No matter which candidate wins, the Durham City Council Ward 3 seat will be filled by an African-American woman who’s an attorney who went to N.C. State University for undergrad and the UNC-Chapel Hill School of Law.
Vernetta Alston and Shelia Ann Huggins won the most votes in the municipal primary, with Alston receiving 50 percent of the vote and Huggins, 26 percent.
The primary pushed incumbent Don Moffitt, with 21 percent of the vote, out of the running for the Nov. 7 general election. He has endorsed Huggins for his seat, calling her “experienced and deeply informed on the issues.”
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Why they’re running
Alston, 35, would be the youngest member of the City Council. Current member Jillian Johnson is 36.
Alston doesn’t consider herself a Millennial, but rather that generation that falls on the Generation X line. She and wife Courtney Alston are parents to a 9-month-old girl, Reese. Vernetta Alston is taking a break from practicing law this year while running for council. She worked for five years at the Center for Death Penalty Litigation, where she served as co-counsel for Henry McCollum, who was exonerated after spending 30 years in prison.
Representing McCollum made her angrier at the system and more committed to speaking up for the vulnerable. After the fall 2016 election, Alston said she felt an urgency to be more outwardly committed to her values.
“Durham, as apparent to a lot of people, is at a crossroads. We’re growing at a rapid pace,” she said. It’s time for Durham to decide what kind of city it wants to be, Alston said, pledging to bring a framework of being very committed to social justice and equality.
Huggins, 50, decided to run for City Council after first considering going after the N.C. General Assembly seat of the late Paul Luebke. Her law office is just down the block on Mangum Street from City Hall. She practices business law, which is mostly contracts, she said. But until 2014, she worked for the city.
She said she knows what it’s like to prepare a presentation and answer elected leaders’ questions.
Huggins started working for the city’s General Services Department in 2006 handling special projects, then moved to Neighborhood Improvement Services and finally to the Office of Economic and Workforce Development. Before that she was an environmental chemist for the state.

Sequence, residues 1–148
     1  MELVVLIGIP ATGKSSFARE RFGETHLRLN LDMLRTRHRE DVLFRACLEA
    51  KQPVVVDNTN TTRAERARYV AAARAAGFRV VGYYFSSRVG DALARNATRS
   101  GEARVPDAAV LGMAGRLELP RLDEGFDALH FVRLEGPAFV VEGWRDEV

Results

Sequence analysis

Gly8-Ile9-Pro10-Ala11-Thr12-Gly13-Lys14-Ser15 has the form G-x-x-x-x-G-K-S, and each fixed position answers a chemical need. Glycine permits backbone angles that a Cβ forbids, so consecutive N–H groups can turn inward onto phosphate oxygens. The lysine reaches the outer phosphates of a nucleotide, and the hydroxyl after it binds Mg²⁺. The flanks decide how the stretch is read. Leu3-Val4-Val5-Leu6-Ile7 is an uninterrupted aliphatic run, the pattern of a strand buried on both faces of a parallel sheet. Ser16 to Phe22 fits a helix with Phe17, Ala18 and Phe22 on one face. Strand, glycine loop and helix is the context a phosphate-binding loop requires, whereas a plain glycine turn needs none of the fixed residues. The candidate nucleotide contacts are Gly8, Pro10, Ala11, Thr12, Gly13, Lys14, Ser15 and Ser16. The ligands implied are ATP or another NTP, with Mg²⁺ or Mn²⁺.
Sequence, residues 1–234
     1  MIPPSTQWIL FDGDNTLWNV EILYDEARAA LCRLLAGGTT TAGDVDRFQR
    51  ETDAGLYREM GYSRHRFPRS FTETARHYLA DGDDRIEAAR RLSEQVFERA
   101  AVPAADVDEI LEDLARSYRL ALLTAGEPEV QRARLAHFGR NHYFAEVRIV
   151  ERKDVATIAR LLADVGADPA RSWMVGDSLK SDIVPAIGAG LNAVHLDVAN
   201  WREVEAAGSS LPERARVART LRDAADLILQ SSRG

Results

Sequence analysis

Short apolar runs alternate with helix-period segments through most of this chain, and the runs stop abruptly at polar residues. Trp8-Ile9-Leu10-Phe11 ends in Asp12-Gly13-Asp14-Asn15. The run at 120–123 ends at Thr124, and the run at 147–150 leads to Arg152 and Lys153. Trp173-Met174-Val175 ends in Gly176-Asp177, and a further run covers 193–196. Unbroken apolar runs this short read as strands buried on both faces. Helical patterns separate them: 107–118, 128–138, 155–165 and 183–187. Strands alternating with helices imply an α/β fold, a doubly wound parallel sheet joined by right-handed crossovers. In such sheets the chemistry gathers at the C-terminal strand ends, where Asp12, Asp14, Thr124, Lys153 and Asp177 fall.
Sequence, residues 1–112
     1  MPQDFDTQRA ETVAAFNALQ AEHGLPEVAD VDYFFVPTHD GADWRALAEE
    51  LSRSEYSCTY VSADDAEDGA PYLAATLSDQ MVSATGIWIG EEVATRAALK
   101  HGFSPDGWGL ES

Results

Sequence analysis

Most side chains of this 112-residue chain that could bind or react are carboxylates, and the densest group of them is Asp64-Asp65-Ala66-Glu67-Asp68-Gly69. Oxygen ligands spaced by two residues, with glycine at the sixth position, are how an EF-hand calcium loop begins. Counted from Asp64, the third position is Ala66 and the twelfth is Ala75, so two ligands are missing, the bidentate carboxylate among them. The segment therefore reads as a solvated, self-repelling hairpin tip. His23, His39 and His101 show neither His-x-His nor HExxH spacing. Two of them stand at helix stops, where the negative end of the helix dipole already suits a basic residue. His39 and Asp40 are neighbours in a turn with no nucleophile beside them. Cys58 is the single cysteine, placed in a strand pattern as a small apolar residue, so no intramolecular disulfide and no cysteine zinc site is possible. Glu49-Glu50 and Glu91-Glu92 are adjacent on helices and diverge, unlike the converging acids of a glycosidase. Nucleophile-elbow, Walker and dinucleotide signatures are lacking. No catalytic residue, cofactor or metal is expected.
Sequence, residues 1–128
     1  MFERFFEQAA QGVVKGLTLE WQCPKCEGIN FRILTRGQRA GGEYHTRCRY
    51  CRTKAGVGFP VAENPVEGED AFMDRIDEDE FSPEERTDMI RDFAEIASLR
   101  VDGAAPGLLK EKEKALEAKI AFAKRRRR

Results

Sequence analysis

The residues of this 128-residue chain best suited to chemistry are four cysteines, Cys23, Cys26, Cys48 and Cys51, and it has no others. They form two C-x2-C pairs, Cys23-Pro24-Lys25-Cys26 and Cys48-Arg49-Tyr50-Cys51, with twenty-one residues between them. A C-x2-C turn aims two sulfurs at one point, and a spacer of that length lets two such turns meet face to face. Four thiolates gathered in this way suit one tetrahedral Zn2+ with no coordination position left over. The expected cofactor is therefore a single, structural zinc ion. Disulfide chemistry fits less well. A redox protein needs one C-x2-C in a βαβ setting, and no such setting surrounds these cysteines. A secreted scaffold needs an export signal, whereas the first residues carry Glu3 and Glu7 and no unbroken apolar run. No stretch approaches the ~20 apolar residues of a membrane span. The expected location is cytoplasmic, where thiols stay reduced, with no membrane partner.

What they say about downtown
Huggins was working for the city before downtown revitalization and remembers when the Cupcake Bar on East Chapel Hill Street was a building with a leaky roof.
“You envision what your city can become, but you’re also concerned about divestment in the rest of the city,” Huggins said. It bothers her that the sign on N.C. Mutual Life Insurance, the historic African-American owned company, will be coming off the building NC Mutual no longer owns. To her, it’s symbolic that Durham is not as progressive anymore.
“I think council needs to get behind the black community,” Huggins said. “What are we going to do about black businesses?”
Huggins said the council needs to make sure growth benefits the city as a whole.
Alston is also concerned about changing Durham.
“I want Durham to thrive, to grow, be an active and engaged community. But I don’t support growth at the expense of our people,” Alston said. “Downtown’s great, but [we need to put] just as much resources and time into making sure folks aren’t displaced,” she said. That means thoughtful investments in downtown so folks have what they need and can be part of the city’s prosperity, she said.
Alston’s mom’s family lived in Hayti, and her dad’s family off Plum Street. Her paternal grandmother ran a daycare, so Alston still runs into older folks in the black community who knew Virginia Alston, she said.
“Unfortunately the legacy of revitalization in the ’60s and ’70s hit my family quite hard. Mom lost her home, and that still has lasting impact today,” she said. Alston’s maternal grandmother’s house was torn down to build the Durham Freeway, she said.
Alston’s mom once worked at IBM for Durham Mayor Bill Bell. Alston has a baby shower card from Bell. When Alston was a little kid, her family moved to Cary. She graduated from Cardinal Gibbons Catholic High School in Raleigh and went on to N.C. State. She moved back to Durham in 2010. Alston’s brother, Derrick Green, runs the Deluxe Barbershop on Fayetteville Street.
Huggins grew up in Greenville and both her parents have served in local government. Her dad, Rufus Huggins, served multiple terms on the Greenville City Council in the 1980s. Her mom, Ann Huggins, is currently a Pitt County commissioner.
After going with her mom to the 1992 Democratic National Convention, Huggins decided she wanted to become a member of the Democratic National Committee. And last year she took her daughter Emerson, 16, a student at Cardinal Gibbons, to the convention.
For Alston, Durham doesn’t face one issue, but rather choices about how it moves forward and who it prioritizes. She sees affordable housing as a priority as well as policing, the environment, parks and recreation and public transit.
“We need to increase the number of bus shelters. There’s no justification for people standing out in the rain,” Alston said. She’d like to see Durham buses become fare free, and wants to explore funding options.
“I’d like to explore it at the very least,” she said.
Huggins said the big Durham issue of affordable housing is about affordable land. “Land isn’t getting any cheaper,” she said.
But you can’t get a house without a job to pay for it, Huggins said, so job training, education and skills are needed to break out of generational poverty.
Early voting in the Durham municipal election continues until Nov. 4. Election Day is Tuesday, Nov. 7.